Japanese researchers say they have developed a rubber that is able to conduct electricity well, paving the way for robots with stretchable "e-skin" that can feel heat and pressure like humans.
The material is the first in
the world to solve the problems faced by metals -- which are conductive
but do not stretch -- and rubber, which hardly transmits electricity,
according to the team at the University of Tokyo.
The new technology is flexible
like ordinary rubber but boasts conductivity some 570 times as high as
commercially available rubbers filled with carbon particles, said the
team led by Takao Someya at the university's School of Engineering.
If used as wiring, the material can make elastic integrated circuits (ICs), which can be stretched to up to 1.7 times their original size and mounted on curved surfaces with no mechanical damage or major change in conductivity.
One application of the material would be artificial skin on robots, said Tsuyoshi Sekitani, a research associate in the team. "As robots enter our everyday life, they need to have sensors everywhere on their bodies like humans."
"Imagine they bump into babies. Robots need to feel temperatures, heat and pressure like we do to co-exist. Otherwise it would be dangerous," he said. The material itself can be stretched up to 2.3 times the original size but conductivity drops roughly by half at the maximum extension. It can be stretched by 38 percent with no significant change in conductivity -- still a breakthrough considering that metal wires break on strains of one to two percent, the team said.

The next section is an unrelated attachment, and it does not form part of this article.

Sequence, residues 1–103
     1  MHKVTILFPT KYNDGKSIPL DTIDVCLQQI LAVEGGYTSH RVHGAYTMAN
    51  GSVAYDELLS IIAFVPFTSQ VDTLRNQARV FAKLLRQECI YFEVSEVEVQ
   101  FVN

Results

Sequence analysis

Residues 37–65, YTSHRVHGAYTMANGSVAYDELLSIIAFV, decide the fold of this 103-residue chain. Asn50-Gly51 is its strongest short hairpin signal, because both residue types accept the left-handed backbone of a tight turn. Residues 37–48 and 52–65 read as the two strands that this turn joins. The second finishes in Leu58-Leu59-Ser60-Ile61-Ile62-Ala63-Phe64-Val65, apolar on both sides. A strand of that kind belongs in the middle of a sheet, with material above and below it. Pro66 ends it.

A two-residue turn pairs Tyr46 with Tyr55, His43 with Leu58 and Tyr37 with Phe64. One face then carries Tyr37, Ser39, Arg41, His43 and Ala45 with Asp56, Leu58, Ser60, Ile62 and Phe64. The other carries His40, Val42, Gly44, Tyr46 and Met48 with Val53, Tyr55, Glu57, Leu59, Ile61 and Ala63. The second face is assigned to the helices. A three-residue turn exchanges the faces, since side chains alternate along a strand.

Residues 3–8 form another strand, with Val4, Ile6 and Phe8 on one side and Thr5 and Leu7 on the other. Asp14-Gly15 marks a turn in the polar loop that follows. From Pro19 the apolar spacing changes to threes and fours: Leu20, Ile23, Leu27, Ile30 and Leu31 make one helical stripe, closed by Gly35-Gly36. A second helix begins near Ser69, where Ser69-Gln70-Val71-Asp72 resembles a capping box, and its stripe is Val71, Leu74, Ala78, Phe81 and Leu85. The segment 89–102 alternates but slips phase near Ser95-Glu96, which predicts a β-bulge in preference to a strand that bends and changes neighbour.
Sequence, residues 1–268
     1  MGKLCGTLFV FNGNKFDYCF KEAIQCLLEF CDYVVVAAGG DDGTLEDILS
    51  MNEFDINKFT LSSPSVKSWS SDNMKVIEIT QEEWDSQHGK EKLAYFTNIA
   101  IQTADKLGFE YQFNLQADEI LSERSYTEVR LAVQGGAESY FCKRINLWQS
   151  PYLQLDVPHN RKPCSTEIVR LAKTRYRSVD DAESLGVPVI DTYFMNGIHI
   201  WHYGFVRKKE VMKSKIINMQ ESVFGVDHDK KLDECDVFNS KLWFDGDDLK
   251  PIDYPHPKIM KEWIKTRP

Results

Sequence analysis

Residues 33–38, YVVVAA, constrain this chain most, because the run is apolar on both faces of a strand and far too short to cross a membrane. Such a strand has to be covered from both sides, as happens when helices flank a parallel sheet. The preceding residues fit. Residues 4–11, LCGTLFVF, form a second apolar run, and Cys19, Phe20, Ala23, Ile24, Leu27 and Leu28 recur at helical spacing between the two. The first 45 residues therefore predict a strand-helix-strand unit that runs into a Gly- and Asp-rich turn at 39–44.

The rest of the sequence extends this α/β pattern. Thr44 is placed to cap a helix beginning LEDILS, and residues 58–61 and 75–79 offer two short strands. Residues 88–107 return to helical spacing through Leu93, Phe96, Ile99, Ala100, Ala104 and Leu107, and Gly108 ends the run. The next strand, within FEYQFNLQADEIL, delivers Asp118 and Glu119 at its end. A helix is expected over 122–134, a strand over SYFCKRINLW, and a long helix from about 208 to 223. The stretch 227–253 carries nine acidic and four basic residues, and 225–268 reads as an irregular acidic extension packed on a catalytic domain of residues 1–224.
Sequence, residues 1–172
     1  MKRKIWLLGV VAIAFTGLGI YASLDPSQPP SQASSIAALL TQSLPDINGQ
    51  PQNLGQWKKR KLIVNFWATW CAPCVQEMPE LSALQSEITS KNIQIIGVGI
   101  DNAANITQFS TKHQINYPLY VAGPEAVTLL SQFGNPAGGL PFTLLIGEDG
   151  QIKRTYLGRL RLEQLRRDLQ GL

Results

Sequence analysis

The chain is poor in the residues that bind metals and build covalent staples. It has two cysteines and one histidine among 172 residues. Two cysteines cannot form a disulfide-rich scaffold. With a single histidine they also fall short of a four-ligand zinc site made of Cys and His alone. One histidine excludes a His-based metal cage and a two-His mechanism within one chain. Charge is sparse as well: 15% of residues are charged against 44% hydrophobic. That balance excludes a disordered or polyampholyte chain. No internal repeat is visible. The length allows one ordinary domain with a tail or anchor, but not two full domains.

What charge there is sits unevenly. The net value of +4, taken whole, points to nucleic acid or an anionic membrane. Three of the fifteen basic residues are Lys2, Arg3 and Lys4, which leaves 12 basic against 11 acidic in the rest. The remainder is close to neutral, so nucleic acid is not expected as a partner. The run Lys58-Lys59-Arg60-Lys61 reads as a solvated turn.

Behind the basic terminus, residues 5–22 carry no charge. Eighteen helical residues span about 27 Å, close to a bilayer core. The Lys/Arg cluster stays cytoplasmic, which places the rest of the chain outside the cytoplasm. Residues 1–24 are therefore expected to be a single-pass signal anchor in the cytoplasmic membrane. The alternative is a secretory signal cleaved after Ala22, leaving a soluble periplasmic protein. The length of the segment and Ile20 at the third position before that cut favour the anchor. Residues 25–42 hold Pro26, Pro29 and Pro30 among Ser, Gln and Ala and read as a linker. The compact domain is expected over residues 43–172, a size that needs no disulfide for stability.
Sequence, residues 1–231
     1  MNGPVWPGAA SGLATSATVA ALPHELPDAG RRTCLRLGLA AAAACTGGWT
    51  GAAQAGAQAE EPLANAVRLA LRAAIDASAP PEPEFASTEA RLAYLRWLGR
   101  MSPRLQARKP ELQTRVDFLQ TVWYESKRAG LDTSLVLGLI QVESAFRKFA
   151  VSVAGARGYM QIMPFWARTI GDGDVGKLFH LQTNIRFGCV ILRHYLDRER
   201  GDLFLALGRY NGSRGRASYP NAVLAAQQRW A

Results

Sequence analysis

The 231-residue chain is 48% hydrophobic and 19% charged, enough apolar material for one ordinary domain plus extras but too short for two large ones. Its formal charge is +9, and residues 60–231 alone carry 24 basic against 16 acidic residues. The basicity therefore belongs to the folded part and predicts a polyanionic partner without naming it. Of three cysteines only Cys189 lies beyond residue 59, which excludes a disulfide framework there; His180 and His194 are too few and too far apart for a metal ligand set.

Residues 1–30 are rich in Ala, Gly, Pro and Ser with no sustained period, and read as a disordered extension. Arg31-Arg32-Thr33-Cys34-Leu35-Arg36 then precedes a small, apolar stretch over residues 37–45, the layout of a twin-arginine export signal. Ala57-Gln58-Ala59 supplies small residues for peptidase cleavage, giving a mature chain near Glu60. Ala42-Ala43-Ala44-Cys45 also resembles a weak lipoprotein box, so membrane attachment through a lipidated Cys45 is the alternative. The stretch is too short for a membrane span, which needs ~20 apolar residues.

The material is made by grinding carbon nanotubes, or tube-shaped carbon molecules, with an ionic liquid and adding it to rubber. Carbon nanotubes often bunch up together but the millimetre-long tubes coupled with the ionic liquid can be uniformly dispersed in rubber to realise both high conductivity and flexibility.
Sekitani said the new material could be used on the surface of steering wheels, which would analyse perspiration, body temperature and other data of the driver and judge whether he or she is fit enough to drive. "It could be completely integrated into the normal driving system, making users unaware of using it," he said.
Or it could be used on top of a mattress for bed-ridden people, watching if some parts of the body were under constant pressure and tilting the bed to change the patient's posture to prevent bedsores, Sekitani said. "Objects that come into contact with humans are often not square or flat. We believe interfaces between humans and electronics should be soft," he said.
The material could also give birth to a stretchable display, allowing people to take out a tiny sheet and stretch it to watch television. The team aims to put the elastic conductor to practical use in several years, Sekitani said.
"We can't rule out the possibility of using this in living bodies but we're sticking to using it in electronics," Sekitani added.